There’s got to be a catch, right?

Well, yes, a few things are sub-optimal;

The main bugbear is that while ArgusTV supports series recording, access to this is not officially supported in Koid front-end. It’s possible to set up a timer to record an individual show but to configure ArgusTV to record the full show, this must be done through it’s own Web UI or on the server. A bit of an inconvenience.

There’s also an issue with music album cover art in the Emby Plugin. All my tracks are tagged with art and a lot of albums show up with art in the Emby plugin, though some don’t and I can’t figure out why, even though all the tracks on the album show covers when I drill down. A puzzle for sure.

Netflix is a pain in that it doesn’t integrate well with kodi and the windows App doesn’t support remot controls so either keyboard control is required r use of the embedded version in TVs or players is required.

Apart from that, there’s not a lot I have to complain about. Just this week my 11 year old – used to the ‘TV’ changing on a regular basis, came to me and said ‘this one works well’. Success, of a sort!

A note on Hardware

This system is enabled by a beefy unRAID server which looks after all the media storage and runs a few Virtual Machines;

Windows 7 ‘TVServer’ VM
A headless Windiws 7 VM that runs ArgusTV and Emby servers. There’s 6x Digital Devices tuners passed through that provide all the TV inputs.

Widows 8 HTPCs
Two Win 8.1 VMs run Kodi and have GPUs passed through. These connect via HDMI to two of my TVs

Additionally, I have a couple of Gigabyte Brix system that are hooked up to TVs in places where I can’t run cHDMI able from the server. These are also configured with Kodi clients.

I also have an OPPO 103 Blu-Ray player that can access all the media on the network and a couple of Macs with Kodi.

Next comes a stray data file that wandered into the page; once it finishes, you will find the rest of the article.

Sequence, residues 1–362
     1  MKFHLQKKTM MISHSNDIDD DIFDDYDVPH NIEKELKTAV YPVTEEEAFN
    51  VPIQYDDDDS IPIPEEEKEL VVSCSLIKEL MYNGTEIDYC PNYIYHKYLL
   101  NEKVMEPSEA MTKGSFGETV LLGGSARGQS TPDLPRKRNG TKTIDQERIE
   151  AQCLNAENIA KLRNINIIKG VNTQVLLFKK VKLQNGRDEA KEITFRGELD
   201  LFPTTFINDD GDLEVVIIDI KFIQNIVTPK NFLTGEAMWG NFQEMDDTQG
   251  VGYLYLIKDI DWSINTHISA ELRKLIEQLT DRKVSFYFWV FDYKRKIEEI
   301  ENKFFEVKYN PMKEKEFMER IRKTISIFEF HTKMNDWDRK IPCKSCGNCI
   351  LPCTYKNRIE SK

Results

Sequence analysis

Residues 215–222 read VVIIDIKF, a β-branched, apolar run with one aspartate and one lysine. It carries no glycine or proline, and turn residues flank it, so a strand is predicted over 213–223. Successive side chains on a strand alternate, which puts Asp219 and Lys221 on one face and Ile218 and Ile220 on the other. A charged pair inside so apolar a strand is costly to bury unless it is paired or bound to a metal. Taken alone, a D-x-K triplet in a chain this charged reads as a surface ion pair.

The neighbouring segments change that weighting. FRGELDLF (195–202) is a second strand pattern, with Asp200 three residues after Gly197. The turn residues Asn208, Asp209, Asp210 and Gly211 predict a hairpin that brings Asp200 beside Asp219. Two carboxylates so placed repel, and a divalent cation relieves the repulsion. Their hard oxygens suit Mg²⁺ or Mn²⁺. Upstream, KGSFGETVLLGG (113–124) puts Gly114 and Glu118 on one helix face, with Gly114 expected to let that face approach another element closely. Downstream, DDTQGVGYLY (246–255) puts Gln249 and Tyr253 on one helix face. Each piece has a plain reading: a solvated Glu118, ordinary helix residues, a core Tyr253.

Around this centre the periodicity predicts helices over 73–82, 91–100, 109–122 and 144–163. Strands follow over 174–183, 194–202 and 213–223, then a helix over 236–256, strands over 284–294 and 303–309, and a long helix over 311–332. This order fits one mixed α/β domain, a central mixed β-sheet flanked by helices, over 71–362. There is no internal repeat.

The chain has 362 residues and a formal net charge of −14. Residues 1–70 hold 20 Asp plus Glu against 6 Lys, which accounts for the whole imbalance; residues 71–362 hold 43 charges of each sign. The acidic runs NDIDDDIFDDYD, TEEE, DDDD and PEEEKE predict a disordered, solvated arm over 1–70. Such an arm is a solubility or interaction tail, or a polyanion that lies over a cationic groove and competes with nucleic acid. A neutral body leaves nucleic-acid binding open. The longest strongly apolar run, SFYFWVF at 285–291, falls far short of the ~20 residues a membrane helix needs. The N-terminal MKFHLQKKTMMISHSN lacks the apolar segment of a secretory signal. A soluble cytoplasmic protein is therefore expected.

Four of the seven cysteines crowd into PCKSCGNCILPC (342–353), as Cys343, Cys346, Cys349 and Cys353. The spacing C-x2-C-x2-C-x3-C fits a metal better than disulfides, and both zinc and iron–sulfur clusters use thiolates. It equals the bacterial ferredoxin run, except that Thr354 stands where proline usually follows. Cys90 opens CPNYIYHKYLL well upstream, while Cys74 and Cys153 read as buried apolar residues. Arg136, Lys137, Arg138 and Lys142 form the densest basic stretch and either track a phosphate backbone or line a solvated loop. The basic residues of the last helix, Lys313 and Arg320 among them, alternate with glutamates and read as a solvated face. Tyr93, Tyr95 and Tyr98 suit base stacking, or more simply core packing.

Wednesday 10 June 2015

Cat5TV does unRAID

A few years ago, I watched a good bit of Category5 Technology TV (around the time I was building my first unRAID system), but for some reason stopped watching

They've just done a show on unRAID 6 and it reminded me how much I enjoyed it;

Looking forward to unRAID 6 release next week.

Sunday 17 May 2015

Making Movies

I recently came across a review of the MOTU 1248 AVB external audio interface on yabb.jriver.com and figured it's the ultimate in flexibility for my needs - it would drive my home theatre sound system AND whole house audio system AND anything else I threw at it.

The only problem was the price - at over €1,600, it's somewhat pricey. (This blog has brought in the sum total of €50 over 2 years to give an indication of when I could afford it!).

However, it does have a baby brother, the Ultralite AVB which at under €900 would be a little more palatable. It would give 8x outs for the home theatre and can be expanded. Still out of range though, so I turned to eBay and found a Motu 848 MkII for a lot less that will work as in interim solution and will work as the ADAT expansion unit if I ever get the UltraLite.